Slipping the Boracay on to the feet is a little like a luxurious foot-hug. The fit is a little more narrow than anything I have tried before, but I think that is more telling of the fact that I have been wearing trainers a little too wide for my slim feet. At no point have I felt my feet restricted in this manner, but the only drawback I have felt is that the overlay seemed to run right across the top of my big toe. This was never a problem when running and it has caused no issue regarding rubbing or blistering, but when putting the shoe on or simply standing around it is mildly distracting.

The biggest problem with putting the shoe on, and in fact one of my biggest gripes with the whole shoe is the neoprene stretch tongue that they seem to be lauding on the website. Whilst I am not offended by the choice of material or indeed its padding properties the problem with it exists in the fact that one cannot simply slip the shoe on; once the foot is in place you need to slip a finger down the inside to unfurl the tongue which has doubled back on itself and caused uncomfortable lumps and bumps across the top of the foot – every single time!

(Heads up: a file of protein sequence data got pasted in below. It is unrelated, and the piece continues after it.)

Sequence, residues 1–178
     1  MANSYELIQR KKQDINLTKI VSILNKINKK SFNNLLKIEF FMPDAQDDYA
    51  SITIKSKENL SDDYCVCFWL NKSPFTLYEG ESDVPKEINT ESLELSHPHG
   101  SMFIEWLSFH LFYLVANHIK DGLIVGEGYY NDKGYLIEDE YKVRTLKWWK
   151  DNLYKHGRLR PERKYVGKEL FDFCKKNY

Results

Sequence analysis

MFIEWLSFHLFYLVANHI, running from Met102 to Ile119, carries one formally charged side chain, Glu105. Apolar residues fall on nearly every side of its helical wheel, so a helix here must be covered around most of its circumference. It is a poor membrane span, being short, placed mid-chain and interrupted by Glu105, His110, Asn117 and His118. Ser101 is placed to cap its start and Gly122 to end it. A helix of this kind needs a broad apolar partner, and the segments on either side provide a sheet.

The selling point for this shoe (so much so they even put it in the title of the shoe) is the Fresh Foam midsole of the shoe. Rather than relying on plastic bits, funny shaping, or pockets of air, the midsole on the Boracay is one lump of ‘Fresh Foam’ from heel to toe with no obvious break for the arch or grooves for flexibility that you might normally see on a running shoe. The science behind this can be seen in the subtle differences in the hexagonal pattern along the lateral and medial sides of the shoe. In order to change the level of cushioning and responsiveness New Balance make these sections either concave or convex. At the rear of the shoe, for example, the outer edge is firm so that the foot does not roll outwards and this is controlled by the concave shaping of the foam. On the inside, to allow for a nice smooth ride, the opposite is true and a convex pattern allows for a little more squish. What this means in practical terms is a shoe which offers so much more fluidity in it’s ride than that offered by a shoe with more prescriptive plastic bits included. For me, this has basically resulted in a shoe with near perfect levels of cushioning – it is comfortable on the long run (and I’ve had plenty of those in my marathon training schedule), but also responsive whilst doing 400m reps on the track.